As published in The Erin Advocate
Establishment of a public Question Period at the start of Erin Town Council meetings is good news for local democracy.
It won’t be like Question Period in the House of Commons, where MPs can only ask questions planned by their party. In Erin, residents will be able to ask anything they want.
It will encourage people to bring up topics in public – not to embarrass staff or politicians, but to ensure that responses are heard by other members of the public and the media.
People will not have to register days in advance as a delegation or provide details about the question they intend to ask.
‘It certainly answers to the openness and transparency that we may be accused of not having,” said Mayor Al Alls. “It’s a bit of an experiment for Erin Council, but I think it’s worth trying.”
Clerk Dina Lundy suggested that Question Period be limited to 15 minutes, with a limit of 5 minutes per person for the question and response.
As the chair at Council meetings, Alls will refer the questions to councillors or staff members. If they don’t have the requested information, the answer will be provided later. “I guarantee we’ll get the answer,” said Alls.
Councillor John Brennan said any delayed answers should be available to all members of the public at the following meeting. Support for the Question Period was unanimous, so it is expected to be ratified on September 15.
This will be just one of several ways to communicate with the Town. People can still phone, email or visit the Town office to get answers from councillors or staff. The public can sit in on committee meetings and speak with politicians in person. There will still be a separate time at council meetings for delegations, in which people can make a 15-minute presentation.
The mayor liked the Question Period idea during the election campaign, but then suggested it was perhaps better to hold regular Town Hall Forum meetings. Various people have advocated a Question Period, and after talking to the mayor of Grand Valley, Alls agreed that it could work in Erin.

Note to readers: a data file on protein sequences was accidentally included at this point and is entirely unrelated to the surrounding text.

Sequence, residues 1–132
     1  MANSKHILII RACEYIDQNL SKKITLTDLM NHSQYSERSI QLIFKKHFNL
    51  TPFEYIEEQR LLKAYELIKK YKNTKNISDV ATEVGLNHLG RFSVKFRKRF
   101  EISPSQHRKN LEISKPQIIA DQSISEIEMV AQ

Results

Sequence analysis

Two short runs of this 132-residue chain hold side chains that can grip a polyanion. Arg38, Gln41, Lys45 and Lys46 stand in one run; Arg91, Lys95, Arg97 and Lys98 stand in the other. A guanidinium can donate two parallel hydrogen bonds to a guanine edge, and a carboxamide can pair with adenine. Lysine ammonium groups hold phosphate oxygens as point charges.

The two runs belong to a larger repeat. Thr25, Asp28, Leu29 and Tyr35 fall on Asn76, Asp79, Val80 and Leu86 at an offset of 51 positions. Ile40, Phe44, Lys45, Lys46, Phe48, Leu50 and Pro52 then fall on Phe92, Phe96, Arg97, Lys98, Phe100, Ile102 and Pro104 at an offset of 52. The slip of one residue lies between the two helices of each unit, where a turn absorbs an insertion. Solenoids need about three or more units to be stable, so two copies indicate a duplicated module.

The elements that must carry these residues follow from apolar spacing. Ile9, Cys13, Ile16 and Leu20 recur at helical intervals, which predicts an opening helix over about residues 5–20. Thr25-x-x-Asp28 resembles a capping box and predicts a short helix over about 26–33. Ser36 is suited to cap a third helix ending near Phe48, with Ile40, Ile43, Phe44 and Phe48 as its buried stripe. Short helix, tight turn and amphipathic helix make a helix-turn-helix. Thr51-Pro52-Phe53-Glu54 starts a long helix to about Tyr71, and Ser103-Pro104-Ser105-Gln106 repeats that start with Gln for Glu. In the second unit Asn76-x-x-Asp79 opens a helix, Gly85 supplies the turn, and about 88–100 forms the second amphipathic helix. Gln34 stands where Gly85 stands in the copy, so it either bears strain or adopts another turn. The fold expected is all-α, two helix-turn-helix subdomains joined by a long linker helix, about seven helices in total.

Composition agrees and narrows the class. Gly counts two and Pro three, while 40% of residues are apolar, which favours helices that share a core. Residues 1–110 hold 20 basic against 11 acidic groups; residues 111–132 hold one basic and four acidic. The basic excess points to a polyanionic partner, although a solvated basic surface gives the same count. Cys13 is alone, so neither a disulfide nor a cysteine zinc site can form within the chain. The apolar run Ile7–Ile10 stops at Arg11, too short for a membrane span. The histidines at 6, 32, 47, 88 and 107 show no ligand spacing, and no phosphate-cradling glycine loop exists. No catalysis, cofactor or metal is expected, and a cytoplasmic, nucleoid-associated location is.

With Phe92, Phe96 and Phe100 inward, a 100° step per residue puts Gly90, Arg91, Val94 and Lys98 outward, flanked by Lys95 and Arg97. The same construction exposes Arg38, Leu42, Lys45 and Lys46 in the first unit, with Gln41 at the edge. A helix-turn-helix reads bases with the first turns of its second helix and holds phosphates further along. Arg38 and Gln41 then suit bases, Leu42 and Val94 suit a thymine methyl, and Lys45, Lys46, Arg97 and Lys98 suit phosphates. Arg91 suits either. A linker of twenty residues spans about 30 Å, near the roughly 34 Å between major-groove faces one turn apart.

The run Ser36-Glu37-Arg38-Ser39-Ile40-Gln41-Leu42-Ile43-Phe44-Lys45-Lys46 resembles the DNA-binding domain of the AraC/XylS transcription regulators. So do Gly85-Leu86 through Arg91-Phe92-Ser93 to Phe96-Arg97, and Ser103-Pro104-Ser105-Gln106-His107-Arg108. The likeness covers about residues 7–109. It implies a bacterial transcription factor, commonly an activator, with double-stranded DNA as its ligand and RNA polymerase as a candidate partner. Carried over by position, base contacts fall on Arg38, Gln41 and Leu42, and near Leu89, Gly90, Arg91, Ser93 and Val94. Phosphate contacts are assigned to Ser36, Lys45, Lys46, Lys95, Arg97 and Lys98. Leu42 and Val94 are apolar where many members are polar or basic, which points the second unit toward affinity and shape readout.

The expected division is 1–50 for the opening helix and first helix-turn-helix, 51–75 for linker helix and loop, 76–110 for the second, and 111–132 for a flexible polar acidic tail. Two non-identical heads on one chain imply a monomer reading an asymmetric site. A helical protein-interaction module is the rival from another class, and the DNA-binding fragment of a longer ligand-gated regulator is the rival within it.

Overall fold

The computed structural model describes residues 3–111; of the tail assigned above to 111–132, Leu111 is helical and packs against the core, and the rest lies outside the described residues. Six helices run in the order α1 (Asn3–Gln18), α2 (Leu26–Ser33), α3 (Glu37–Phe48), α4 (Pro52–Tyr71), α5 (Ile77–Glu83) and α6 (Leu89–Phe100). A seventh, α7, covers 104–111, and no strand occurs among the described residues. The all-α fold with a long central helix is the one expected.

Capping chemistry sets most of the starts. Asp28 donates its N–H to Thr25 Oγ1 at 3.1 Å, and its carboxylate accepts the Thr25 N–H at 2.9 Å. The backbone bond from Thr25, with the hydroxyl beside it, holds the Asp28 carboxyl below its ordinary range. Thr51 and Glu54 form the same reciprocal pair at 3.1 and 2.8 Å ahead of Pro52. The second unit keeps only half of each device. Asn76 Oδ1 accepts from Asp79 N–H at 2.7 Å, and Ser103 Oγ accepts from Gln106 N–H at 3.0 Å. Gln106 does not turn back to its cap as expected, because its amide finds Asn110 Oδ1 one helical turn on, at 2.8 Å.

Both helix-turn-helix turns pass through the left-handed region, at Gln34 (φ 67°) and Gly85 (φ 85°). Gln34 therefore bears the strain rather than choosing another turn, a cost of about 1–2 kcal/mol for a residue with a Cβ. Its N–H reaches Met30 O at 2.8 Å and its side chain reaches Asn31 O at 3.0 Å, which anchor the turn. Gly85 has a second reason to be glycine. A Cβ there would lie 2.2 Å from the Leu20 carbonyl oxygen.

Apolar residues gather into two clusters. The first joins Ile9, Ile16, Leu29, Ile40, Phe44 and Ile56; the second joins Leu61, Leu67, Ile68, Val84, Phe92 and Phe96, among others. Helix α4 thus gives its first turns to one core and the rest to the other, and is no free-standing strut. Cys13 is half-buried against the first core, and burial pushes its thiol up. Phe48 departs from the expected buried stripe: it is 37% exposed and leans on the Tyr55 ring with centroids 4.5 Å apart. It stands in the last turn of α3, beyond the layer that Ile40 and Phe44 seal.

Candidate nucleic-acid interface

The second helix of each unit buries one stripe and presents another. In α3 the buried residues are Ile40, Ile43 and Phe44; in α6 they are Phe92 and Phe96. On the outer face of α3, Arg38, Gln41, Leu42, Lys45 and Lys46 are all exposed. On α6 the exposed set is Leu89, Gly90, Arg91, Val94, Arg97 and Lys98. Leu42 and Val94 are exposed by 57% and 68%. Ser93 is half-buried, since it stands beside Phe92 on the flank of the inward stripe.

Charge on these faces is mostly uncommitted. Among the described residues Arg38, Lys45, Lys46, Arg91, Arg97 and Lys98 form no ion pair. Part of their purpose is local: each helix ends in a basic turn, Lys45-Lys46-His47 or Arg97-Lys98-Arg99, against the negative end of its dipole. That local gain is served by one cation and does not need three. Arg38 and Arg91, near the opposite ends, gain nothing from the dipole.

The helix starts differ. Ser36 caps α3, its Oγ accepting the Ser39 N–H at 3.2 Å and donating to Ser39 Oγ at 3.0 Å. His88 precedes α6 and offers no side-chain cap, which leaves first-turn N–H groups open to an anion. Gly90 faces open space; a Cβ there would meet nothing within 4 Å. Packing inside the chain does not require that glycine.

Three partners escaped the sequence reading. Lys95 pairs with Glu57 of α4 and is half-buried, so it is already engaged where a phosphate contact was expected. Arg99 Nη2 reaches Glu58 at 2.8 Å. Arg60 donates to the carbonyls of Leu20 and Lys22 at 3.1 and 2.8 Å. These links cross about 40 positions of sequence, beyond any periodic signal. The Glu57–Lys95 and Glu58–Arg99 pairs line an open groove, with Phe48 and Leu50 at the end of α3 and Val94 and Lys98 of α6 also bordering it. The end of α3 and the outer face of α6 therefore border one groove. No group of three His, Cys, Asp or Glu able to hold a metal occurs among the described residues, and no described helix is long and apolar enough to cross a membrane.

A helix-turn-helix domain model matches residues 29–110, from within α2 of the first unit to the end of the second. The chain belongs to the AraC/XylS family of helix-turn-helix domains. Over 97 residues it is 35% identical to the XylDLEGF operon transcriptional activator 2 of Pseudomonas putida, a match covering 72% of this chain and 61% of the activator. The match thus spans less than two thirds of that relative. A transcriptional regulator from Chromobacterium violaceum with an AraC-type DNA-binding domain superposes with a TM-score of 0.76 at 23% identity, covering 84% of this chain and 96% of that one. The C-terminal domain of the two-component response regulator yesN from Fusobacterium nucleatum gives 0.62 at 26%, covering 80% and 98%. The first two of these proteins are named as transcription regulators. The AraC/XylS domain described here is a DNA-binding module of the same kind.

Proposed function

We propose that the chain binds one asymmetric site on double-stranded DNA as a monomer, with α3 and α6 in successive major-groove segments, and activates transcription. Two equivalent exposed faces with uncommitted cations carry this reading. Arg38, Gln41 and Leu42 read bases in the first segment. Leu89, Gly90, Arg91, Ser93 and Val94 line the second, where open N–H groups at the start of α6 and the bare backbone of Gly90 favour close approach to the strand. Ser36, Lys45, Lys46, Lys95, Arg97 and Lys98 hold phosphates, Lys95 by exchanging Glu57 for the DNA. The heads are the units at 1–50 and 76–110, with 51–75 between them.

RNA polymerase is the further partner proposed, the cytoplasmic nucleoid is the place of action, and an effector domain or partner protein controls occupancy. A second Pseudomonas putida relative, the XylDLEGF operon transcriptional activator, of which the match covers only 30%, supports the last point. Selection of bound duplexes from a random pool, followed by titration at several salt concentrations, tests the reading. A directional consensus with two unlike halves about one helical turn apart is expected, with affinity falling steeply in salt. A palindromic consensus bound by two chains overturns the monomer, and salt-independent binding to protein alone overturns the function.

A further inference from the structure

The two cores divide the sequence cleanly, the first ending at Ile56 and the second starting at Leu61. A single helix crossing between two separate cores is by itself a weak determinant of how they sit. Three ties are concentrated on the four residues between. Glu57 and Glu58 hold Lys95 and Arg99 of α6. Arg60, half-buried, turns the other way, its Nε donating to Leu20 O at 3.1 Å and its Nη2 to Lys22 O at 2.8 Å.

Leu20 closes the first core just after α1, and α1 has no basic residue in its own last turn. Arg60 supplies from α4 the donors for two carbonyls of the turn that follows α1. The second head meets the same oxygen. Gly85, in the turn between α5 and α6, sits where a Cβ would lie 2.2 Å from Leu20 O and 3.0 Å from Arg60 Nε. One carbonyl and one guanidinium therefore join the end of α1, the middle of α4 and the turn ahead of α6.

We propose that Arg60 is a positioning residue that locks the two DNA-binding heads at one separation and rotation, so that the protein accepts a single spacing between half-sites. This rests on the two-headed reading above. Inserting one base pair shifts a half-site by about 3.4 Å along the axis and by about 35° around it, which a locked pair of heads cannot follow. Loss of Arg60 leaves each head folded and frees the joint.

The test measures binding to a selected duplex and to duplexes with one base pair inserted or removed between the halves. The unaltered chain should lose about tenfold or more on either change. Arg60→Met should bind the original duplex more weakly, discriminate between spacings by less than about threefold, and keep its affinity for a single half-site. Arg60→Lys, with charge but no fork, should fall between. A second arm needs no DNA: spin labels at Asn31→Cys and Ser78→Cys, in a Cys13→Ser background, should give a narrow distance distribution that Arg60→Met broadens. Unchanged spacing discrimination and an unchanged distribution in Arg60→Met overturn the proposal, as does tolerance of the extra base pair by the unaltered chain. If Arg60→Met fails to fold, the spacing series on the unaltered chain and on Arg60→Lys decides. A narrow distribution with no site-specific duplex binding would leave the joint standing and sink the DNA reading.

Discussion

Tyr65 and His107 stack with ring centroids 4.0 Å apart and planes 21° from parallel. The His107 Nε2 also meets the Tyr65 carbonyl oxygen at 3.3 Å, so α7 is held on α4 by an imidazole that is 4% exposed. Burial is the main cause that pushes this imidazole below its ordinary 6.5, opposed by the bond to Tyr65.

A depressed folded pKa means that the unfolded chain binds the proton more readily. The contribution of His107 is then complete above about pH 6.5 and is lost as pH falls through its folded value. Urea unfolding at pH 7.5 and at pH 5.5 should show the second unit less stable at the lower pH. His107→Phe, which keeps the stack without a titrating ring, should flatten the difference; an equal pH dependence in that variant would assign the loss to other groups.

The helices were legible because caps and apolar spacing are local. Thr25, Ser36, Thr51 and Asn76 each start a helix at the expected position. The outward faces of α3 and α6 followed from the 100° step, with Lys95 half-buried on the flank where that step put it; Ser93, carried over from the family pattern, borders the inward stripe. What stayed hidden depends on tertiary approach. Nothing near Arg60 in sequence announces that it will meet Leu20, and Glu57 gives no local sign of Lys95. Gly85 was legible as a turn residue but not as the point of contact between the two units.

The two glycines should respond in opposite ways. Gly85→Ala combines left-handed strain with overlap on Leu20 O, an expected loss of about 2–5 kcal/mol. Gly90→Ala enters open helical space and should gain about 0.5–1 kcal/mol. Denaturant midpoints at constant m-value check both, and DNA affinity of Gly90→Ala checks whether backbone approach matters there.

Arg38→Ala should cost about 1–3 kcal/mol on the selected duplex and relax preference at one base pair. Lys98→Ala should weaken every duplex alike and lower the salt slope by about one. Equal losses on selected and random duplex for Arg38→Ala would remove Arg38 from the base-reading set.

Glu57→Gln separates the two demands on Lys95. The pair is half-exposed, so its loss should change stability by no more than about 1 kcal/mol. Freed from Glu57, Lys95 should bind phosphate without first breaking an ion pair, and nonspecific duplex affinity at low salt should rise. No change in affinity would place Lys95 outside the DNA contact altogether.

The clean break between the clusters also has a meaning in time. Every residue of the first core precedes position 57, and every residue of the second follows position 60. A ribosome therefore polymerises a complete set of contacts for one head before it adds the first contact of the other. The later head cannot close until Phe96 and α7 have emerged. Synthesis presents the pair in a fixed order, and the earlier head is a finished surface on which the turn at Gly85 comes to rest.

The Town is under no obligation to provide this opportunity, so it could easily be cancelled if it is abused.
That means we need actual questions that are of public interest and related to Town business. Questions may need a bit of background, and might imply some criticism of the Town or Council, but anyone who launches into a speech, makes offensive comments about individuals or tries to engage in debate is likely to be shut down quickly by the chair.
The exact procedure to sign up as a questioner has not been set, but Alls said his intent is to give priority to residents who have not asked a question at a recent meeting.
Meetings at 6:30 pm
Councillors also approved a new start time of 6:30 pm for evening meetings, in hopes of finishing by 10 pm. That could make it difficult for some commuters to make it to the meeting, but overall it seems a practical idea.
Clerk Dina Lundy said that trying to wrap up business by the normal 11 pm deadline “can contribute to fatigue and rushing through agenda items.”
Council will meet at 6:30 pm on the first Tuesday of the month and at 1 pm on the third Tuesday. Agendas are available in advance at erin.ca.
Special short meetings required under the Planning Act are normally scheduled before regular council meetings. Clerk Lundy suggests that incorporating them into the main meeting, as many other towns do, would be more efficient.